Today we are celebrating our Anniversary Picnic as a Church, and I think it is a great time for us as a church, and individuals, to do a self-examination each year to see where we are in our walk with God and the world because we don't often grow cold in our walk all at once. It usually happens in slow degrees, often unrecognized, until it is too late.
God gave me one of the most intense self-examinations ever, this summer when He got me away from the world, and alone with Him, to show me things He may have been trying to show me for some time—but I was too busy. We are celebrating the thirteenth year as a church. That number usually represents rebellion in Scriptures. Now, I don't think we are in open rebellion against God at all, but God has shown me clearly, that not to trust Him completely, is a major form of rebellion, and that apathy and passiveness are just as destructive to His love and work as resistance. I am absolutely sure the message we are about to study together is for us today. Answer this question, “Does where we are right now, after 13 years as a church, and as individuals, express passion and commitment, or apathy for God and His work in our lives?” Listen to this awesome story, and let the Spirit speak to you, if He needs to speak.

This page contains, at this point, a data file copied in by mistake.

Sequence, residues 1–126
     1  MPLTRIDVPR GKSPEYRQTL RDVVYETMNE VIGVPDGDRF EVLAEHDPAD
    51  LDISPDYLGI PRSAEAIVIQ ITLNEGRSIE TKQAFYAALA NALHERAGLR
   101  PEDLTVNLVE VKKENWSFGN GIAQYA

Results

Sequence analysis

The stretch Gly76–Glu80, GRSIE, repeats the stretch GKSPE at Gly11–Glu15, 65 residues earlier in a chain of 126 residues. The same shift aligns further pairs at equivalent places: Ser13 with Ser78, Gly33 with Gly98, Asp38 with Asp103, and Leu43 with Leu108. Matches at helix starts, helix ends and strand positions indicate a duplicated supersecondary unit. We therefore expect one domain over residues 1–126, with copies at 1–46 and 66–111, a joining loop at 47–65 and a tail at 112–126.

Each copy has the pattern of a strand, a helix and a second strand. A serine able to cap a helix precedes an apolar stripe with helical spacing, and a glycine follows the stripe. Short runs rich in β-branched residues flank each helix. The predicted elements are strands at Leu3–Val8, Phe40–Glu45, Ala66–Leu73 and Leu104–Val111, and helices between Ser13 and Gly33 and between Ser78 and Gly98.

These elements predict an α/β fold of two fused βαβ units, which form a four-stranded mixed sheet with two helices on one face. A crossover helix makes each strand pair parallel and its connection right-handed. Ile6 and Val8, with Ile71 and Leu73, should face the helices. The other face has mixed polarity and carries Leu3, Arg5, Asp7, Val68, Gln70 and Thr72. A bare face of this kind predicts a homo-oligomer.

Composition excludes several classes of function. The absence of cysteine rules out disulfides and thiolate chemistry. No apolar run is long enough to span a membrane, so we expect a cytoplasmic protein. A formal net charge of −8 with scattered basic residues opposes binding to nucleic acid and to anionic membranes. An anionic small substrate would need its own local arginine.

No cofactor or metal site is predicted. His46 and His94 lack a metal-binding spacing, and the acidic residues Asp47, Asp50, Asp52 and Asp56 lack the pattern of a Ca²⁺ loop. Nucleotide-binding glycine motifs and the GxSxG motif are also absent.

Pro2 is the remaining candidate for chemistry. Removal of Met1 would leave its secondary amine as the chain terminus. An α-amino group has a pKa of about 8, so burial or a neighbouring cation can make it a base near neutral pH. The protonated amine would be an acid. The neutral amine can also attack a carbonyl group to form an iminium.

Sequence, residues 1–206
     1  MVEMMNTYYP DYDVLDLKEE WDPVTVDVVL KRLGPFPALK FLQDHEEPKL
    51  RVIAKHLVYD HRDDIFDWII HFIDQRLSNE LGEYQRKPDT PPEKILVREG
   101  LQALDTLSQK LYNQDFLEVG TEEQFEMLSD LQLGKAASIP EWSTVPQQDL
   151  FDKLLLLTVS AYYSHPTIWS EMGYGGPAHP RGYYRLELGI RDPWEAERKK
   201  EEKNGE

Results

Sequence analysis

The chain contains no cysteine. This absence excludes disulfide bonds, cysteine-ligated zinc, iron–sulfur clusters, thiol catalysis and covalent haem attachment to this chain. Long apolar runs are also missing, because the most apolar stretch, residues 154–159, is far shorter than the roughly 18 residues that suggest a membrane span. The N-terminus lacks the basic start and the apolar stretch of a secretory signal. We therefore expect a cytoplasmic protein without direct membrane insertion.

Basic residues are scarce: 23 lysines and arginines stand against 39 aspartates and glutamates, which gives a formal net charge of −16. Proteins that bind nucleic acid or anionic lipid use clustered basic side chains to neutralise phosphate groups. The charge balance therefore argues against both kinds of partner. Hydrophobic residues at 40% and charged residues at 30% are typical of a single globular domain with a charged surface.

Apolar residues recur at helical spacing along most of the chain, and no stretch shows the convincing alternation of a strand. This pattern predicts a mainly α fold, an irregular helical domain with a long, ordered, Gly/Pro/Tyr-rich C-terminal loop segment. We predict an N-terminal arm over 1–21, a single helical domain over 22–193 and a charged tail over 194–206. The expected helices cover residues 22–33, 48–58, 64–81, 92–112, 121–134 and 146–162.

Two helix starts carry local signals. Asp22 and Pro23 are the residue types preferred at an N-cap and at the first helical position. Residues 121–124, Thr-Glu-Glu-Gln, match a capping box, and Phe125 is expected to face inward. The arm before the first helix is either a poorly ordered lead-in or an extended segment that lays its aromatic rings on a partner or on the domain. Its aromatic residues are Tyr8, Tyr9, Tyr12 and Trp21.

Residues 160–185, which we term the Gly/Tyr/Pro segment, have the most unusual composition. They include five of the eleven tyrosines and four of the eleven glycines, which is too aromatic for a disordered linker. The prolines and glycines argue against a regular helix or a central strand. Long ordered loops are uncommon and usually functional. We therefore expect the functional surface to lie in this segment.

We pick up our story around 538 BC, after the Southern Kingdom of Judah has been taken away into exile by the Babylonians for nearly 70 years for their rebellion and hard-hearted ways against God. These Babylonians were overthrown by the Medes and the Persians and the Israelites found themselves under a new ruler; but one that seemed to show them quite a bit more favor. The new Persian King Cyrus gave the Israelites permission to return to Jerusalem and begin rebuilding the city and the Temple of God: Ezra 1:2-3. Enemies of the Jews caused trouble for the building project, even from the King, and they ceased construction shortly after the altar was repaired and the foundation was laid. Even after the opposition died down, the Israelites became so busy rebuilding their own homes and lives, they left God's House in ruins. The Temple was left unfinished for 16 years, until about 520 BC. God raised up His prophets to wake the people up from their selfish slumber of neglect (Zechariah and Haggai). Haggai 1:2-9. This is what God said to them: "You say this isn't the time to focus on building God's House, but it's only because you are too wrapped up in building your own houses and lives. And because your priorities are so imbalanced, You can’t find real contentment or lasting success in anything you do.” Let God answer these questions in your own heart, not you. Have you let His work be a second priority to building your own life? Have you started a work for God, that somehow became stagnant or faded away completely because of other interests? If so, listen closely to what God revealed to His people during this troubled time. God sent a vision to Zechariah concerning why the Israelites had failed, and what they needed to do in order to rebuild His Temple: Zechariah 4:1-14. First, since God is talking about rebuilding the Temple, He uses symbolism from the Temple in the vision. Zechariah is shown a vision of a Menorah, the seven candled lamp stand (fueled by especially prepared, fresh olive oil every evening). The Menorah was made of solid gold and weighing almost 100 pounds. That was about 20 years' wages for a common laborer in the first century, according to some commentators. The Menorah sat to the left as the High Priest entered The Holy Place of the Temple, just before entering the Holy of Holies. It represented the Light of God, and the responsibility of Israel to be that light. As Christ is the Light today, and we have the responsibility of being His light to the world today. This version of the Menorah had a catch bowl on the top. To help us fully understand as we go, we will unveil the symbolism with each verse. There are two huge olive trees to each side of the Menorah; each has a golden pipe running from them to the catch bowl on the lamp. There were two people responsible for rebuilding the Temple: Zerubbabel (the Governor), and Joshua (The High Priest). The two olive trees stand for these two men and golden oil ran from each, into the lamp. This vision was for Zerubbabel, who would have authority to start the building once again. (v6: might, power). The oil running from each of the olive trees stood for the Spirit of the Lord. God was saying the Israelites could not accomplish their task through their own strength as individuals, or as a whole, and that His Spirit would be what they must trust to accomplish His work; that if they would allow the Spirit to work through them, even mountains could not stand in the way. V.8-10: God says two important things here: 1) "Who has despised the day of small things?" Please understand that in the days of small things, the most important work of all is usually done. Satan hates and fears most, what is done in the days of small things. Moses was shaped in the seemingly most useless 40 years of his life. Joseph was forged into a faithful ruler in his small years as a slave. The church of Christ had it's very core shaped by the smallest handful of uneducated, lowly disciples. The Salvation of the world came from one simple, unimpressive, Man who never wrote a book, or ran a ministry. Israel had seen almost 20 years of small things, as they awaited the Temple. But it was all foreseen by God, because when the Temple was completed, it would be 70 years from the time of the destruction of Solomon's Temple when the Babylonians took over—70 years, exactly as prophesied by Jeremiah. Instead of resenting where you are, or how little your ministry, or how little our church, understand this may be the most important time of your service to God. If you will stop despising your place, and let God grow you—let God use you right now, right here. What happens in the smallest of beginnings, is what shapes entire crops, people, churches, nations, Kingdoms to come: John 12:24. One kernel of wheat, alone, dies (small, insignificant), but without that small work, no crops would come. 2) God rejoices, "To see the plumb line in the hand of Zerubbabel.” A plumb line was a weight suspended on a string, used as a vertical level during construction. God was saying he took great joy in seeing His people step out and work for Him. God was saying that He was the Strength, but He would only work through His people. By God's own design, He will only work through us.